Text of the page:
As energy prices continue to put the screw down on America, its politicians continue to fling about questionable statements concerning energy policy and push even more dubious legislation.
Where does Rep. Tim Johnson stand?
Johnson probably wasn’t chanting “drill baby, drill” during the Republican National Convention. He’s not a global warming naysayer. He doesn’t want to drill in Artic National Wildlife Refuge. He subscribes to the Midwestern orthodoxy on ethanol. He wants to stick it to OPEC and energy speculators. Johnson is also a fan of the nuclear energy churned out by Exelon (who are also fans of him).
Johnson hasn’t relied heavily on oil companies to finance his campaigns, and has generally supported legislation geared toward fostering alternative energy. He’s even gotten the nod from the Sierra Club.
Like many a Midwestern politician, Johnson wants to keep the ethanol train on track in hopes its destination is somewhere cleaner and less oil-dependent. But how green is this fuel?
Since 1978, fuel producers have been subsidized to blend ethanol with conventional gasoline. Currently fuel producers get a 47-cent tax credit subsidy for every gallon they put out, up from 40 cents when the subsidy was first introduced. The Energy Independence and Security Act of 2007, requires fuel producers to include 21 billion gallons of ethanol in their fuel by 2022.
Ethanol has been heavily criticized that it produces little energy, uses too much water and aggravates food prices.
Johnson might find himself locking horns with the head of his own party. In a speech in Arlington, Virginia Republican nominee John McCain remarked “Corn-based ethanol, thanks to the money and influence of lobbyists, has been a case study in the law of unintended consequences.” He went on to blast the current energy policy that subsidizes crop producers while slapping a hefty tariff on Brazilian ethanol that could reduce the costs at the pump.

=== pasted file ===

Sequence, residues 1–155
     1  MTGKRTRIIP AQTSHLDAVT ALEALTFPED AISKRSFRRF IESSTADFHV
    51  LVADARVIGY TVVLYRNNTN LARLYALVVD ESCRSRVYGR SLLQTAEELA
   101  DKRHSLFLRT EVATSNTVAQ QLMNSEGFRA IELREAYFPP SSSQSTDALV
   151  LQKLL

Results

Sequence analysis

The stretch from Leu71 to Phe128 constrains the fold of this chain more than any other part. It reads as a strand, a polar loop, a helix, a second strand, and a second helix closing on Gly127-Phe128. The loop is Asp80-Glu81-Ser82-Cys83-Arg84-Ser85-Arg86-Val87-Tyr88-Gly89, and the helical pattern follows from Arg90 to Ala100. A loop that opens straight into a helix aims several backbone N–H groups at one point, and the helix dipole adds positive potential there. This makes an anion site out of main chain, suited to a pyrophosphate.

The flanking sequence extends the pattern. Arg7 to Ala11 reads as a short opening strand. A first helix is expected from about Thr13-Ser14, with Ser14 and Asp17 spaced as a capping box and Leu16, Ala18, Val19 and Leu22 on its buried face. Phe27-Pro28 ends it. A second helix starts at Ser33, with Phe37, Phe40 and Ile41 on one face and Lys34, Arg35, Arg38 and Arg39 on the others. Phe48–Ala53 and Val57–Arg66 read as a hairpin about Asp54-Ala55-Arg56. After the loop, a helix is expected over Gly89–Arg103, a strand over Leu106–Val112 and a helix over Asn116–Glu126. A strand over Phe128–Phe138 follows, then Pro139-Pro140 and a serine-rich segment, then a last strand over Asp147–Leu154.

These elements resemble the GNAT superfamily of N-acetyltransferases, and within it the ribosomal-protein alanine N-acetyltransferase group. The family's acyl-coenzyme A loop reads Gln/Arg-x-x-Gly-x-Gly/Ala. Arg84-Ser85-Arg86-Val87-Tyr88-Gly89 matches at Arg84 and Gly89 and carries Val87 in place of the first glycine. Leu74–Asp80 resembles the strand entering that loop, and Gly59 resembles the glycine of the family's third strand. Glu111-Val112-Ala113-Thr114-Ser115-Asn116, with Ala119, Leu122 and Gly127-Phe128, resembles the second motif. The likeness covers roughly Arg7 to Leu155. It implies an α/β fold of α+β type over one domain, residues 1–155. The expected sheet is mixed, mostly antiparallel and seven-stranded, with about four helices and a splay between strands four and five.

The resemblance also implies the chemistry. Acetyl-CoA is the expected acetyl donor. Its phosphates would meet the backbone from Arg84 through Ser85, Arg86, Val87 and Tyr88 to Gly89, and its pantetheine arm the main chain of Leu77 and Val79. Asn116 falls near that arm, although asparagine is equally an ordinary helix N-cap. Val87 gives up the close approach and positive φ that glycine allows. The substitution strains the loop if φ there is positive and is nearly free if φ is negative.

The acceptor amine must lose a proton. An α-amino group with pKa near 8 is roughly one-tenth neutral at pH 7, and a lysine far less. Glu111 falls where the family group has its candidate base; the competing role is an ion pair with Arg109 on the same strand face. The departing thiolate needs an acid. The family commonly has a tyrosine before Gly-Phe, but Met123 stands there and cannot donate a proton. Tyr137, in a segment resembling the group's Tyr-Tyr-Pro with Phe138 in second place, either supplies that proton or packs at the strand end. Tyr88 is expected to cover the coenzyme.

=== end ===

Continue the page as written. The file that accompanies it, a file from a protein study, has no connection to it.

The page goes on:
Brazil is the world’s second largest ethanol producer, generating over five billion gallons in 2007. The US is in the lead with nearly 6.5 billion gallons. However, little of the Brazilian-made fuel is finding it’s way into the tanks of Americans due to a 54-cent tariff making widespread importation of the fuel unfeasible.
Johnson adamantly supports the tariff, the subsidy, and the mandate, according to his press secretary. He claims that ethanol is helping the US burn cleaner fuel, become energy independent and shave money off the price at the pump.
Because corn (the main ingredient of ethanol) requires a relatively high amount of nitrogen to produce en masse, much of the chemical ends up being washed into local rivers and streams. Over the years it has made its way into the gulf of Mexico creating a massive “dead zone” the size of New Jersey where virtually no aquatic life can exist. An article in the March 18 issue of “Proceedings of the National Academy of Sciences” suggests that if the US is going to meet its goal of producing 15 billion gallons of ethanol by 2022 it would likely increase nitrogen runoff into the gulf by 10 to 15 percent.
Ethanol has also been blamed for causing food prices to soar. USDA projections foresee more corn being diverted from exports toward ethanol as other countries, such as Brazil and Argentina, step up production to meet world demand. Additionally, a recently leaked World Bank report obtained by the Guardian fingers the rise of biofuels as the primary culprit behind rising grain costs.